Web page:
Definition of seaway in English:

seaway

Syllabification: sea·way
Pronunciation: /ˈsēˌwā
 
/

noun

1An inland waterway capable of accommodating seagoing ships.
More example sentences
  • After 1903 and improvements to the St. Lawrence waterway, larger ships or ‘canalers’ could navigate the seaway.
  • Canada is every bit as vulnerable, experts say, at its ports, docks, canals, lakes, and seaways.
  • Every battle ever fought there was fought over control of the seaway.
1.1 (the Seaway) see St. Lawrence Seaway.
1.2A natural channel connecting two areas of sea.
More example sentences
  • Continental displacements led to changes in the configurations of the oceans, and seaways opened and closed.
  • In the annual cycle experiments, however, low winter insolation causes the seaways to freeze.
  • Cook charted the coasts and seaways of Canada, the St Lawrence Channel and the coasts of Nova Scotia and Newfoundland.
1.3A route across the sea used by ships.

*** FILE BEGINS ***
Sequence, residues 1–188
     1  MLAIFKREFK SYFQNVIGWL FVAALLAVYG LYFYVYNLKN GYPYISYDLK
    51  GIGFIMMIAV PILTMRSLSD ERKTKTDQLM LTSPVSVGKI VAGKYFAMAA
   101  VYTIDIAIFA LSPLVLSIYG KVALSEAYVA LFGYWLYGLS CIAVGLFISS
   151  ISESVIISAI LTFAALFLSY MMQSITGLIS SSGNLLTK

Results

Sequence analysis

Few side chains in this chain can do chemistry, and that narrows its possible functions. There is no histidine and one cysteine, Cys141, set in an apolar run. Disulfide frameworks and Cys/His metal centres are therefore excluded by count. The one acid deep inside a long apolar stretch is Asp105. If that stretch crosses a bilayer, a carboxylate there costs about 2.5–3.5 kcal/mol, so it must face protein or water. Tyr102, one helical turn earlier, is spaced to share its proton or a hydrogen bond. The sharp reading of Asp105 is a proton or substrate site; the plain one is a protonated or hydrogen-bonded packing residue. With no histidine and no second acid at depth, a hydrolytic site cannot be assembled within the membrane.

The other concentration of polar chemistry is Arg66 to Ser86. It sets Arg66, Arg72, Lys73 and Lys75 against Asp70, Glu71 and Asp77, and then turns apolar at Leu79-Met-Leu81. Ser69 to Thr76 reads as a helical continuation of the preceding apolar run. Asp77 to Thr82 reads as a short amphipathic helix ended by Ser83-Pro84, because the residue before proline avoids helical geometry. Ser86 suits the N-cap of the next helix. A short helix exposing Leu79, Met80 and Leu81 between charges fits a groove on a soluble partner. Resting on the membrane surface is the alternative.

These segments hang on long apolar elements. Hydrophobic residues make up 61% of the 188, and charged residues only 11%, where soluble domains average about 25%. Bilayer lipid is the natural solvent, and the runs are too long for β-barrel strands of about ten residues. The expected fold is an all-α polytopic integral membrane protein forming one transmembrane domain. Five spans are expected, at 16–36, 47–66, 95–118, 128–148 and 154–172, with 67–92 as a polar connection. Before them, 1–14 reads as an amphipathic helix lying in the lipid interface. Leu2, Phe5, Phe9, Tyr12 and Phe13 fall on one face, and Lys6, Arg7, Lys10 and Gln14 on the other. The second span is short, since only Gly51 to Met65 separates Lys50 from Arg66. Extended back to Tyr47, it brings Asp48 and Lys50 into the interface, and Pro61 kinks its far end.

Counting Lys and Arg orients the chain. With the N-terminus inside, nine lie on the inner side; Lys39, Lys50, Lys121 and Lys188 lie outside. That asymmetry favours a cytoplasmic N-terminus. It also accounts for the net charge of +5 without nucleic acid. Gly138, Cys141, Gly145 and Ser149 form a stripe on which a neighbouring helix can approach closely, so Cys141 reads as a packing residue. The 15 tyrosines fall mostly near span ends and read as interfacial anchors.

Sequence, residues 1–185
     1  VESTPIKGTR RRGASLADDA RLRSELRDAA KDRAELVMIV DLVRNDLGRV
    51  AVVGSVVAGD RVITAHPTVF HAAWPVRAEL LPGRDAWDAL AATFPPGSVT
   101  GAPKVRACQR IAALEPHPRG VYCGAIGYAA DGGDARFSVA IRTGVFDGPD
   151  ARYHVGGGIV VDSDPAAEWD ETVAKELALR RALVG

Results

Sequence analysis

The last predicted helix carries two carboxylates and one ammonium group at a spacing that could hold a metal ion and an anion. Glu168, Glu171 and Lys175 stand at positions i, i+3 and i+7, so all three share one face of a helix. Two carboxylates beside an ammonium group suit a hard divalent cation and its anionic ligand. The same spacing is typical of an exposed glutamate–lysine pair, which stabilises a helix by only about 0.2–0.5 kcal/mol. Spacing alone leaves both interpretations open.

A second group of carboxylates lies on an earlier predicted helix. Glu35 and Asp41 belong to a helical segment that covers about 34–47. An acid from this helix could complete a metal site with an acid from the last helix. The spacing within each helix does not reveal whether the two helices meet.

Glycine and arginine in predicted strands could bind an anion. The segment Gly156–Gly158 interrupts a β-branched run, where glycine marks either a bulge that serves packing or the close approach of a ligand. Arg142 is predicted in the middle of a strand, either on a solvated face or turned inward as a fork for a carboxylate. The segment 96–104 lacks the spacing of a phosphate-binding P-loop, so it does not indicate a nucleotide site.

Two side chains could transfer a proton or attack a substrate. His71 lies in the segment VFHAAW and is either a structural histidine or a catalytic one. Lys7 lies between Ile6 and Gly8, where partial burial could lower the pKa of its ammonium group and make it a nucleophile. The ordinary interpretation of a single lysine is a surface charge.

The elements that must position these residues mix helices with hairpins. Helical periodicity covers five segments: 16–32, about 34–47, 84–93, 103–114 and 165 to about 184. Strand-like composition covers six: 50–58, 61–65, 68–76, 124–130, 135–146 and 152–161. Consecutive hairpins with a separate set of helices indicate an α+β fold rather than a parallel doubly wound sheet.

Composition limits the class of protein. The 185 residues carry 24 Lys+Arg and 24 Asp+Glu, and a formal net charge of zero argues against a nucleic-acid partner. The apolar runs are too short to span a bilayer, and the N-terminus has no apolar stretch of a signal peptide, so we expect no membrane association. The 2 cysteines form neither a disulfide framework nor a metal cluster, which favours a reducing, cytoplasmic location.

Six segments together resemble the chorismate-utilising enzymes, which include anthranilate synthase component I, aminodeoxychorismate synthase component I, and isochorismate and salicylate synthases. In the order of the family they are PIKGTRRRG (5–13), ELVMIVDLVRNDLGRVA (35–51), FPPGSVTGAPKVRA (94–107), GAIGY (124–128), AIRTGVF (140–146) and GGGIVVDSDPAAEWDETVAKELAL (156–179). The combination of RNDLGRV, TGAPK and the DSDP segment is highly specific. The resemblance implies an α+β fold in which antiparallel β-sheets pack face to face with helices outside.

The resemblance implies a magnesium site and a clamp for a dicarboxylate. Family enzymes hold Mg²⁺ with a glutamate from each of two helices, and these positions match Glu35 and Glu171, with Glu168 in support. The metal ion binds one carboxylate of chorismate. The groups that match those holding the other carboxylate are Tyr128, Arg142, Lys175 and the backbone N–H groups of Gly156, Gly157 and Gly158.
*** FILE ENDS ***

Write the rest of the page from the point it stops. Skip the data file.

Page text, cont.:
More example sentences
  • Unfortunately we need two miles of seaway to stop our ship and our rudder is jammed, hence we cannot change course.
  • In a dangerous combat situation, or even a crowded seaway, this can provide a huge advantage.
  • Columbus set out to find a new seaway to India and he ended up discovering America.
2 [in singular] A stretch of water in which a sea is running: with the engine mounted amidship, the boat pitches less in a seaway
More example sentences
  • This number results from a formula that is intended to represent a boat's expected motion in a seaway.
  • The dog boats were also small in comparison to their opponents but rode better in a seaway.
  • In general, the safety of a ship in a seaway is related to three major safety parameters - structural safety, overturning stability, and seakeeping quality.

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Pronunciation: ˈgəzəl
verb
eat or drink (something) greedily